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UMD Libraries Provides Launching Pad for Research-Driven Student Podcast

With Love & Struggle dives into archives of underground feminist magazine

Students recording their podcast in McKeldin Library's Podcasting Lab.
Photo by Hong H. Huynh

A group of undergraduate students have created a limited podcast series using archives from the Hornbake Library.

The series, With Love & Struggle—researched and written by Janete Amaya, Hannah Bray, Maliyah Daniels, Ashley Mazur, Katherine Guerrero Rivera, Viviane Stackhouse, and Fibee Ybanez—dives into the Libraries’ archival collection of Off Our Backs, an underground feminist magazine that ran from 1970 to 2008.

The magazine was started by feminists in the D.C. area who were active in the anti–Vietnam War movement. The magazine featured op-eds, news articles, art, and even personal ads all dealing with feminist and gay issues of their time. Although the entire series is digitized and free to browse online, Hornbake holds one-of-a-kind ephemera from the magazine’s founding and production, including letters, layout notes, photographs, and other papers, such as those documenting CIA surveillance of the collective.

“It’s kind of like if somebody who worked in alternative, underground journalism for 30 years emptied out their desk,” says Dr. Jaclyn Bruner, the faculty advisor for the project and the podcast’s producer. “But the library was incredibly helpful. They provided a rundown of how the archives work, why things are organized the way they are, and what it means for a collection to be unprocessed. They really helped orient my students, who had never done any archival research before.”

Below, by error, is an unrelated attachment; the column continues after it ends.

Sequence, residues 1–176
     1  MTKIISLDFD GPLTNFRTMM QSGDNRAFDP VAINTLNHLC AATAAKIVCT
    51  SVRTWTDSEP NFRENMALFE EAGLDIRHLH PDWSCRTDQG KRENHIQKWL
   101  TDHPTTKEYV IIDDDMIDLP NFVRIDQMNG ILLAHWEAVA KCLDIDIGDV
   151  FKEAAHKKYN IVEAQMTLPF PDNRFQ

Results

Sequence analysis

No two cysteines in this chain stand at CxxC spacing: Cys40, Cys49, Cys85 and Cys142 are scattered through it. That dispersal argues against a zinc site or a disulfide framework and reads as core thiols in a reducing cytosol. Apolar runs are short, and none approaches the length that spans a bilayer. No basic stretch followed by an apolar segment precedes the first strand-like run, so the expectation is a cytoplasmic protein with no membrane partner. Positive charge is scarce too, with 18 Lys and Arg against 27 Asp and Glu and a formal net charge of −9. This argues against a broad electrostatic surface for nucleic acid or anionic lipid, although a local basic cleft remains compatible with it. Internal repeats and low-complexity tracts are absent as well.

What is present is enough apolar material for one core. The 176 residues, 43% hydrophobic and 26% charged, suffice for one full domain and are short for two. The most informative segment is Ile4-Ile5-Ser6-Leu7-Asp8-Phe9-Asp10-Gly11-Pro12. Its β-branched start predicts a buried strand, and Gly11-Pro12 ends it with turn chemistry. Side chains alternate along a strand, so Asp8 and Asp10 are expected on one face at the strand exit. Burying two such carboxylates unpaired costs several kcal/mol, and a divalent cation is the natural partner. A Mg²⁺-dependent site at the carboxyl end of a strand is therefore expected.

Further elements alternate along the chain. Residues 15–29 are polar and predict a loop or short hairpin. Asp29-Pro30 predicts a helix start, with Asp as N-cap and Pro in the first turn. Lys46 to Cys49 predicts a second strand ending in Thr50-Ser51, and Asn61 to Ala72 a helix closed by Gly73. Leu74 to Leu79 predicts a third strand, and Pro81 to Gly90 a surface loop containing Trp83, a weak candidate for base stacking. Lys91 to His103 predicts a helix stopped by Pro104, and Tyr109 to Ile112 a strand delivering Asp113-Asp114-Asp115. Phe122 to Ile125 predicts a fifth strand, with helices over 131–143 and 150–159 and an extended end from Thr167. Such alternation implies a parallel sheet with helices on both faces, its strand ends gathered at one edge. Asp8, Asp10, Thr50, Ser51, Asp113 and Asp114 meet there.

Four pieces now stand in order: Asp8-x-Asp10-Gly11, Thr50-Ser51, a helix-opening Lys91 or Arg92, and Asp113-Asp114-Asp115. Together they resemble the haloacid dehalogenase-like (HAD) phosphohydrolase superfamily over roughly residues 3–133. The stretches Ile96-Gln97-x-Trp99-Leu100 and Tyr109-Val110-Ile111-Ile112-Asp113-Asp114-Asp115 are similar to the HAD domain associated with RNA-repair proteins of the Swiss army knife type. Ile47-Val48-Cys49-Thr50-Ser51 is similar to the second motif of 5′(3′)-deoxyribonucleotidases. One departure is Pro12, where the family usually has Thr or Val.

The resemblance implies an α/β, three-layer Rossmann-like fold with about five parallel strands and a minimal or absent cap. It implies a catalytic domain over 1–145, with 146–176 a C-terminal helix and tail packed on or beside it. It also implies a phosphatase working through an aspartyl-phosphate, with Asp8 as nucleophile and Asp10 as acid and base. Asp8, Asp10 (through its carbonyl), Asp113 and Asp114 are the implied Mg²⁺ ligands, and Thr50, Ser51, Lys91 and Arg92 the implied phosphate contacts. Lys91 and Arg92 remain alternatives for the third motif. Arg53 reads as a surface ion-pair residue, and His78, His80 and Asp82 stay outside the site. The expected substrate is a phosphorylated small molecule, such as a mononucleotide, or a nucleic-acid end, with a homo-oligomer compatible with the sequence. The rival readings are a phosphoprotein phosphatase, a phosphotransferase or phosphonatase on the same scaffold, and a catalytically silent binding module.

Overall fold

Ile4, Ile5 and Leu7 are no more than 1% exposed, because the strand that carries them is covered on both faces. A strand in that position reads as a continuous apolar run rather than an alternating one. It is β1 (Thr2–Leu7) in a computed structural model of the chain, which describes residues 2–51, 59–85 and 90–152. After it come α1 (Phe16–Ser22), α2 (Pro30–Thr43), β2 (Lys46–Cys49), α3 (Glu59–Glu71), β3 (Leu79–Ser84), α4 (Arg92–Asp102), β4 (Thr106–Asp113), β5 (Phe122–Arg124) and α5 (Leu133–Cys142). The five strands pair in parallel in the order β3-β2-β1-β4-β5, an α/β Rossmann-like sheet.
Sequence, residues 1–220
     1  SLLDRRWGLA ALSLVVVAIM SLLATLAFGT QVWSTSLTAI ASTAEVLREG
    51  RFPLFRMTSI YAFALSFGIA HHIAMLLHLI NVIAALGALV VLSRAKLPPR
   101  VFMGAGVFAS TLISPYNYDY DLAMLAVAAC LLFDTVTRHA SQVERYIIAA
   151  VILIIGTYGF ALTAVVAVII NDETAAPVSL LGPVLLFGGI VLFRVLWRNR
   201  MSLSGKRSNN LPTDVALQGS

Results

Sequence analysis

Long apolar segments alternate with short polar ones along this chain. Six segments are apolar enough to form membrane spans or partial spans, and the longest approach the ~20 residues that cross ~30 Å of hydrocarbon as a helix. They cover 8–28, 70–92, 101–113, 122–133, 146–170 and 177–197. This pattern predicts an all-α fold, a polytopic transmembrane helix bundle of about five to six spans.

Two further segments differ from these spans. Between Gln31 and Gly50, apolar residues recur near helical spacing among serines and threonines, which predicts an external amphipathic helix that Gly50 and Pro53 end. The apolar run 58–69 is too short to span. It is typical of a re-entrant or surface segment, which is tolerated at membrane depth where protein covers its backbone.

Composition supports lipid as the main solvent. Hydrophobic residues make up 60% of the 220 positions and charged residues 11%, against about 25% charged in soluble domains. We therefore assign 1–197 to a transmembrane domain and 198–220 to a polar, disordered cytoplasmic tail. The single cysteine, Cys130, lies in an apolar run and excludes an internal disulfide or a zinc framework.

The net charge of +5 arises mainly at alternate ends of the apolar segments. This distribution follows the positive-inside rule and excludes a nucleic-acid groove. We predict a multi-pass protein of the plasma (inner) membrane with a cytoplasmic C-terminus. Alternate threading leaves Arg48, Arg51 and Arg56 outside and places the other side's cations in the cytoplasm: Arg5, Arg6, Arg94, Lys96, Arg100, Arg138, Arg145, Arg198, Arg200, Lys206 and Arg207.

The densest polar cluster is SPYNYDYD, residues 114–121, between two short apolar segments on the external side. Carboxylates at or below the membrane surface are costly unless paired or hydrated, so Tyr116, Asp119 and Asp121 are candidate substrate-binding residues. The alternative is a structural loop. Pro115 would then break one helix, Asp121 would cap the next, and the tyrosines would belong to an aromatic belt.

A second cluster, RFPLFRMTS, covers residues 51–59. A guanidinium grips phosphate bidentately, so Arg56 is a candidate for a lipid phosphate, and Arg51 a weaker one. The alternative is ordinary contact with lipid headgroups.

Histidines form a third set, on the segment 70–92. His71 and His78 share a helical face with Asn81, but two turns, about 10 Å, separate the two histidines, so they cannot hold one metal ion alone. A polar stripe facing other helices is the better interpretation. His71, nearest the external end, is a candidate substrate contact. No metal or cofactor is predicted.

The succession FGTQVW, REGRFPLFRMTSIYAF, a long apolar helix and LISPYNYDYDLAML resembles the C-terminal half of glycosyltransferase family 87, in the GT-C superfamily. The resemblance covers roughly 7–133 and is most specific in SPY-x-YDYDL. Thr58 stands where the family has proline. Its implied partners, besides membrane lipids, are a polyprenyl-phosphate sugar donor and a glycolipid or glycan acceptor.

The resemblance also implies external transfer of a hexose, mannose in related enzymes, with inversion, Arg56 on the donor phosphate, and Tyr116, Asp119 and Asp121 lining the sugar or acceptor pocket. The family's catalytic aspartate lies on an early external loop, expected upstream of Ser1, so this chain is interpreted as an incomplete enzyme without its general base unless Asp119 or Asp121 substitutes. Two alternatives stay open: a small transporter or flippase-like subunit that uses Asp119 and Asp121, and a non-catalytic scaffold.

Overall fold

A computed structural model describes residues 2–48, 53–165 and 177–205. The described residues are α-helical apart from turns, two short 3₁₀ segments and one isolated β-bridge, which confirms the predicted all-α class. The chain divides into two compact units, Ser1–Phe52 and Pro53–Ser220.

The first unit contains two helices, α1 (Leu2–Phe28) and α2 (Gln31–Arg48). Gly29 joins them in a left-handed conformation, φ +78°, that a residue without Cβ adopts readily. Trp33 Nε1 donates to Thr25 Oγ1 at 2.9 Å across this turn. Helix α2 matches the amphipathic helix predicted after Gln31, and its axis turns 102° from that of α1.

Bruner is an Assistant Clinical Professor of UMD’s First-Year Innovation & Research Experience (FIRE) program. The students were part of the eight-week  FIRE Summer Research Internship, as part of the Visualizing Social Justice research stream, which is led by Dr. Bruner. Laura Cleary, UMD Libraries’ Instruction and Outreach Coordinator for Special Collections and University Archives, welcomed the students to the library, contextualized the collection within the archive, and gave research tips on how to get started.

“When people come into the archives, we want to let them know they’re allowed to be here, they’re allowed to ask questions, and they have access to all these pieces of history,” says Cleary. “It helps engage them in this new way of thinking about the past. They’re not having to take somebody else’s interpretation of it; they can look at it and make their own interpretation.”

“Nobody taught me how to do this as a student; it can be really intimidating,” says Bruner. “So to give the students a sense of ownership over that and say, ‘You do belong here. You can come discover your own purpose in these papers,’ is so critical. Laura and her team really made the students feel welcome.”

The students’ podcast covers a variety of topics, including the criminal justice system, the concept of invisible labor, activism and organizing, and how the issues of today mirror so closely those from decades past. Multiple episodes were recorded at the McKeldin Library Terrapin Learning Commons Podcasting Lab. “It was very accessible,” says Bruner. “We didn’t have to have any expertise or equipment. We could turn our research into a podcast because the investment had already been made by the library.” All six episodes are now available to stream, and the research project will continue this fall.

“This was a model for what we love to see in the archives,” says Cleary. “Engaging students in a new way, getting them to think about things not just in their historical context but asking, ‘How does this matter today?’”

“There are stories everywhere,” adds Bruner. “And I appreciate our libraries for modeling that for our students.”

Learn more about the podcast in this article from Maryland Today, Students’ Podcast Amplifies Issues of Forgotten Feminist Magazine.

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